The New Men of Power is a study of trade unions and their leaders, the American political scene, and the prospects for a radicalized democracy in the years just after the Second World War. When C. Wright Mills published the book in 1948, it identified a newly empowered set of strategic actors, who led the nation’s most important progressive institutions, “the only organizations capable of stopping the main drift towards war and slump.” But unlike his politically acute, agenda-setting volumes published during the 1950s, of which White Collar and The Power Elite are the best known, Mills’s equally expansive probe into the meaning and future of U.S. trade unionism quickly fell into the shadows. By the mid 1950s few observers would have called American unionists “a strategic elite,” as Mills had once argued in a book whose very title now mocked the waning influence of a labor leadership firmly wedded to the Democratic Party, cold war orthodoxy, and the collective bargaining routine. Organized labor seemed a stagnant force, largely defenseless against the political and economic hammer blows that befell the rank and file during the 1970s and 1980s.
But The New Men of Power bears rereading at the dawn of the twenty-first century. This is not because the contemporary labor movement has regained the power held by union leaders in the 1940s, when Mills and his associates made the surveys and drafted the chapters that went into the book. Unions are far less powerful, in terms of relative membership, raw economic power, and political influence than they were when The New Men of Power appeared. Nor does the American working class face an immediate, consciousness-changing crisis, such as a new war or a new depression, which Mills himself expected to put the unions at the center of the nation’s political thought and action.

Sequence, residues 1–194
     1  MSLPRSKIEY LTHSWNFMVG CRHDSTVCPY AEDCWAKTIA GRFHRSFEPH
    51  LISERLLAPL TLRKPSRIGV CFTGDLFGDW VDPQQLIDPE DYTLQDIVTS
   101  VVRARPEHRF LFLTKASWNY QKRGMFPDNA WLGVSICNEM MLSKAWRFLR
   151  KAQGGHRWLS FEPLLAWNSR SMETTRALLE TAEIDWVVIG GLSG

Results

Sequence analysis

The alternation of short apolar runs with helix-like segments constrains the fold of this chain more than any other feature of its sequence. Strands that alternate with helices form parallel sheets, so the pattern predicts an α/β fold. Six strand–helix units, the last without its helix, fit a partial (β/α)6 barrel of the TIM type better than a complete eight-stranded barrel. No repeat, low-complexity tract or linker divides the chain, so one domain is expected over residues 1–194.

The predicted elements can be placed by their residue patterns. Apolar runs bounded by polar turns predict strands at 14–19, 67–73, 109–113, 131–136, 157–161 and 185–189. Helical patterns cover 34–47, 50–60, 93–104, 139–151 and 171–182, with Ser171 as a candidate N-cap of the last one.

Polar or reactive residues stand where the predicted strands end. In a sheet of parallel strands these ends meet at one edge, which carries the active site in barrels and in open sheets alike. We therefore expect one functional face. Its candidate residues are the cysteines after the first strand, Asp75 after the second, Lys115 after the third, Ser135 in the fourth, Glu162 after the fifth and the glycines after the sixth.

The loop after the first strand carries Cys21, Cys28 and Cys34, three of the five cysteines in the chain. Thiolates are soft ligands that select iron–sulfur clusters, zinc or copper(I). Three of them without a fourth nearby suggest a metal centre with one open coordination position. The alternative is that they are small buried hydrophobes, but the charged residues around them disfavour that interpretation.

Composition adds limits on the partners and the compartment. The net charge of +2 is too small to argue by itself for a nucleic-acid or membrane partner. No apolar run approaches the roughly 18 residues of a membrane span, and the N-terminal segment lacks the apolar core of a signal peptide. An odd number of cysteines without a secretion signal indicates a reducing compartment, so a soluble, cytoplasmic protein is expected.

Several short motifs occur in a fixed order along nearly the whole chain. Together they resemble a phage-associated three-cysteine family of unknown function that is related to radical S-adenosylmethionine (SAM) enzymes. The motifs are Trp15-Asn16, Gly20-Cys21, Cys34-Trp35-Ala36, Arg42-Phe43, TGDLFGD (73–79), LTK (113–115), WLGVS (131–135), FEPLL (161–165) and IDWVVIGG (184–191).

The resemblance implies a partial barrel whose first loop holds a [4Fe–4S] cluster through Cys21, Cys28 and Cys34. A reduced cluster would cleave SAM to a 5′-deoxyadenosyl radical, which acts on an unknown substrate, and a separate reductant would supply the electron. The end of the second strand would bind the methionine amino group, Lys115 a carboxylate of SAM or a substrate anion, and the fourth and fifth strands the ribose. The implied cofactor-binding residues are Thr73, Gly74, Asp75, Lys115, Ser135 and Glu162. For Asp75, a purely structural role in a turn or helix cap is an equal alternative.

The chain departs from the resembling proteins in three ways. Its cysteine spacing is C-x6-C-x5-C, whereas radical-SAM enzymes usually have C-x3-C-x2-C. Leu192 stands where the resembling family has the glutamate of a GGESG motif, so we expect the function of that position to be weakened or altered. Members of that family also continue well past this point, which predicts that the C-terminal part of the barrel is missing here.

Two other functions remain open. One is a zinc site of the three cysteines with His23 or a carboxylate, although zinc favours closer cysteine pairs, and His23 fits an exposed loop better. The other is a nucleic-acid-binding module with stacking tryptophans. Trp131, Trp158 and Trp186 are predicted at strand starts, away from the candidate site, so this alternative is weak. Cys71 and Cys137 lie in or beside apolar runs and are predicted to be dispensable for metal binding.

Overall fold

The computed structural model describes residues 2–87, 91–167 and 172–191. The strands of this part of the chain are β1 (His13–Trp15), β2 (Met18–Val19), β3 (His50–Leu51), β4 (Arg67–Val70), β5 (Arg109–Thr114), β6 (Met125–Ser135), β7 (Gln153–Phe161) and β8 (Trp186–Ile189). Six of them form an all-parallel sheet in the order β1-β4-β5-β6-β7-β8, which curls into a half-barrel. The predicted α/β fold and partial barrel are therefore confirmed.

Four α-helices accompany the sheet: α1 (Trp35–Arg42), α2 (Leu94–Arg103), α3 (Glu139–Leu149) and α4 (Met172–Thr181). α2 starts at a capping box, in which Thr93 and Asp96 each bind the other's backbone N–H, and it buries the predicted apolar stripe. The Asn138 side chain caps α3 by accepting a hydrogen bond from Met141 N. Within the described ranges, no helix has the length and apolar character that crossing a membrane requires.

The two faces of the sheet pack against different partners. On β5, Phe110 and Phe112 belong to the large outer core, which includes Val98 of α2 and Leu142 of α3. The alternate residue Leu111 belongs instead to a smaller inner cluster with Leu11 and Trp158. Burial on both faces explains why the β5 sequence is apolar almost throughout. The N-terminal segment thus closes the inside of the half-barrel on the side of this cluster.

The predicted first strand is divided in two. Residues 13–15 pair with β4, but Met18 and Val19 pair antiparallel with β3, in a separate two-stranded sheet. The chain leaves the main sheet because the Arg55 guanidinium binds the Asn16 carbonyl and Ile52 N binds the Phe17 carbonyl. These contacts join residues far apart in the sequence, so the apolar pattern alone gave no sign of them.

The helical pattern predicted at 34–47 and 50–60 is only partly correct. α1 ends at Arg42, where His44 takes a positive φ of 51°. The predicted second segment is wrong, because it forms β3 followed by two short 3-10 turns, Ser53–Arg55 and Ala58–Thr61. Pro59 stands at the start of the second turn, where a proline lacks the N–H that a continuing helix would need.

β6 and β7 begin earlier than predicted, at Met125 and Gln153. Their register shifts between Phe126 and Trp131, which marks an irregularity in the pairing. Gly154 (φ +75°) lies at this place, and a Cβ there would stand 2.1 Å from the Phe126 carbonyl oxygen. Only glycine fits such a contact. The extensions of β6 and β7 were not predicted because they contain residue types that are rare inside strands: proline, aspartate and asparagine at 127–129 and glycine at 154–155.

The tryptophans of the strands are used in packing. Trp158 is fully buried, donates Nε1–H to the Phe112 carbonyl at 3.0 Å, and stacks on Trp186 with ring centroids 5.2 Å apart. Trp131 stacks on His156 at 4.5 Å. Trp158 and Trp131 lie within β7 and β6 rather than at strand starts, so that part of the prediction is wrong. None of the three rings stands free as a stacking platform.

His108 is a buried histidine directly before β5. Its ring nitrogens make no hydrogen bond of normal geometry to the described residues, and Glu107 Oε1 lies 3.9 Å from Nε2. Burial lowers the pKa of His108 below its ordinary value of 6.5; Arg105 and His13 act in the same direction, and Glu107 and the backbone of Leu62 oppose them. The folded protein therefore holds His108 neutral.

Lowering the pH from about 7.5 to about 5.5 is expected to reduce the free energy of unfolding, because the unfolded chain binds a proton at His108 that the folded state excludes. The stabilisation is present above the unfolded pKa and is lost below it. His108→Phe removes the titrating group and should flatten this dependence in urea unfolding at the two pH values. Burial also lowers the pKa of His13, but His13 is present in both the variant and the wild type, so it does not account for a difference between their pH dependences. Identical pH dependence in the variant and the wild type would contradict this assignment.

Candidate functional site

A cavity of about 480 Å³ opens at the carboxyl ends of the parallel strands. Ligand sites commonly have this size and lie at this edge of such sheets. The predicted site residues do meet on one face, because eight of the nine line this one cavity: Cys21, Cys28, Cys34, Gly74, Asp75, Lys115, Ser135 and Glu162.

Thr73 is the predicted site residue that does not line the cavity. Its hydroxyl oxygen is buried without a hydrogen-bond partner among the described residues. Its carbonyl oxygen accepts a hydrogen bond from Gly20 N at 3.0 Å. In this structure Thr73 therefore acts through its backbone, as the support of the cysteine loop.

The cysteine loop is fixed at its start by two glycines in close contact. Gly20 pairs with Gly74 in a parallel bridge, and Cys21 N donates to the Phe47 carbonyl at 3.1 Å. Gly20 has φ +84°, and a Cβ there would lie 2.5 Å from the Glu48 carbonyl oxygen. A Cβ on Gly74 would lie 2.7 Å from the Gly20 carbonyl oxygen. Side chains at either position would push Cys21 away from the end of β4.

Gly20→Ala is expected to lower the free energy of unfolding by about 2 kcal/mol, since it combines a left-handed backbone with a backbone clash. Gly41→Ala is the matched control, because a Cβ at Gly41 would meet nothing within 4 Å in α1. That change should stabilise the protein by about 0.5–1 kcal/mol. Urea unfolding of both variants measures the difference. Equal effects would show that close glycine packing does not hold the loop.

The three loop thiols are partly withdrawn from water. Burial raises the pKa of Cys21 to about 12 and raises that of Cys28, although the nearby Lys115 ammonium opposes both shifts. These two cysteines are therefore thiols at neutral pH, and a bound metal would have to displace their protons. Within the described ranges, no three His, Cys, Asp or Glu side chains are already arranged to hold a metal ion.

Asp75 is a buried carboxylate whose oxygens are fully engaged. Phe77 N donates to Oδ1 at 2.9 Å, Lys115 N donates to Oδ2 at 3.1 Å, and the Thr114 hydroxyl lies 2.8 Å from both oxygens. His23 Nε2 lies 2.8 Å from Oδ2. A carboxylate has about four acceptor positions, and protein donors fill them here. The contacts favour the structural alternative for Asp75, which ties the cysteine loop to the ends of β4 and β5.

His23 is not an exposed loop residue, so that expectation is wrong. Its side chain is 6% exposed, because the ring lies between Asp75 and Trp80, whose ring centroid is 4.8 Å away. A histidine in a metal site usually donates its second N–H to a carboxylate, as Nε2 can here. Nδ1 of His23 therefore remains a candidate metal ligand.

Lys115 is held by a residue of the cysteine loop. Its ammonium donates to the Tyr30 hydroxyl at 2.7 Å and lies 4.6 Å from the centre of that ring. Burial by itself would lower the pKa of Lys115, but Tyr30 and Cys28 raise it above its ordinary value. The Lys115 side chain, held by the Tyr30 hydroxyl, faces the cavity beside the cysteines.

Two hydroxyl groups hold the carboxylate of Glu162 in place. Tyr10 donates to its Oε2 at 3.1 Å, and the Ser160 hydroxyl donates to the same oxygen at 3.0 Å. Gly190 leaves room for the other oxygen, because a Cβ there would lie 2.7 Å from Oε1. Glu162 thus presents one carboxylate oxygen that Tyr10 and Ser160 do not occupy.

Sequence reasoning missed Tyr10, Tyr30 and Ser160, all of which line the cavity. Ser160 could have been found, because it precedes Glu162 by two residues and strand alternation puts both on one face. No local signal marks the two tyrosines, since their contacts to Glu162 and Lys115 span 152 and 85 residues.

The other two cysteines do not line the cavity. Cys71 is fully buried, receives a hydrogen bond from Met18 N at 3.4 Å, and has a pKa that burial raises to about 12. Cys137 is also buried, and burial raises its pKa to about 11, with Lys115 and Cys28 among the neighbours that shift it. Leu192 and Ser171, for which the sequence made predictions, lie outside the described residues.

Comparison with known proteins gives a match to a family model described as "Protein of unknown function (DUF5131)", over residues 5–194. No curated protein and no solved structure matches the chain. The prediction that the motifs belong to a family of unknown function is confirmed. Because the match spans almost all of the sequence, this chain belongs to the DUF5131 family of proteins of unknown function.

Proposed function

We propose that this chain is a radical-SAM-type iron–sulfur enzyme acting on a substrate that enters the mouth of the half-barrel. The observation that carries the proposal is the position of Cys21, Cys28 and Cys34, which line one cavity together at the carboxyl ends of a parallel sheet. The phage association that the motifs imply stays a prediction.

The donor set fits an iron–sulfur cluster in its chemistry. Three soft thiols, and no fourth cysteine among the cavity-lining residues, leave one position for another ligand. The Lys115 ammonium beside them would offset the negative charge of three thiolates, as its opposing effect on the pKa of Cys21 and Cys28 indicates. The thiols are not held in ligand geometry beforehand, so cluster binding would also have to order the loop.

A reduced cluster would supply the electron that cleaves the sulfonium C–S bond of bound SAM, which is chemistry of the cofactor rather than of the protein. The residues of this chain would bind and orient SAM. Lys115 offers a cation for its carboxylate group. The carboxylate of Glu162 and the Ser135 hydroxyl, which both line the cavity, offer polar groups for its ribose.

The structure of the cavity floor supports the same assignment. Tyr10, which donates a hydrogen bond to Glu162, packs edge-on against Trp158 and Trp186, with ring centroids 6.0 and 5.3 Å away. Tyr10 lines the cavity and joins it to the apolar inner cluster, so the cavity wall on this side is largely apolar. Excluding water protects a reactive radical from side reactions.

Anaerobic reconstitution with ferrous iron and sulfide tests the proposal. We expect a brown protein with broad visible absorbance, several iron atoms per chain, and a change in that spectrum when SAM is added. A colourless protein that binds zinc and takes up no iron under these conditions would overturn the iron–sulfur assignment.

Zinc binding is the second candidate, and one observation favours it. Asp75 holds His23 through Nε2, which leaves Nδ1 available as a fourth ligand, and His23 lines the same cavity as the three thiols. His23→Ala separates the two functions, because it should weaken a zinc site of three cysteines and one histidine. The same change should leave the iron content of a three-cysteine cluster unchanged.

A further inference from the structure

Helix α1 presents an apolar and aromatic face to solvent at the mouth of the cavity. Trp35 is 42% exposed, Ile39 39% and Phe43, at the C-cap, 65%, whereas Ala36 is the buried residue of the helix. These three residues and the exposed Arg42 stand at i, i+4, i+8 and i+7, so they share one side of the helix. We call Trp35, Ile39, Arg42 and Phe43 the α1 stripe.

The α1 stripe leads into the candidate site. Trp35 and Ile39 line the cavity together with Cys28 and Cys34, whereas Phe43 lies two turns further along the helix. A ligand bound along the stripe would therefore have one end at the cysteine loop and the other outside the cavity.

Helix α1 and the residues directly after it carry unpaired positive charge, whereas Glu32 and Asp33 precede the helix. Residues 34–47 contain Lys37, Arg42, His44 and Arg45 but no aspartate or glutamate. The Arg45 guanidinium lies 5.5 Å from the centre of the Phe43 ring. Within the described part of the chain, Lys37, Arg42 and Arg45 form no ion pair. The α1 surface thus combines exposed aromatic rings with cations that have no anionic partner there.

Enough has changed, however, to make the ideas and speculations put forward in The New Men of Power useful and exciting. Today, as in 1948, the unions stand on the left side of American politics and culture. They are organizing again and recruiting a new generation of young activists who seek to infuse the labor movement with a radical élan. New leaders have ascended to important posts in the trade union movement, and the old iron curtain that once divided official labor and the broad American left—academic, feminist, socialist, African-American, Latino, and gay—is rusting away. Faced with a world of global production, a nearly useless labor law, and a corporate opposition that remains intransigently anti-union, many otherwise conventional union leaders have been forced to look for new allies and new ideas; likewise, social activists and intellectuals have come to see the revival of a powerful trade union movement as essential to their dreams for a better world. Living-wage campaigns, labor teach-ins, and demonstrations against a corporate definition of globalism have hel...
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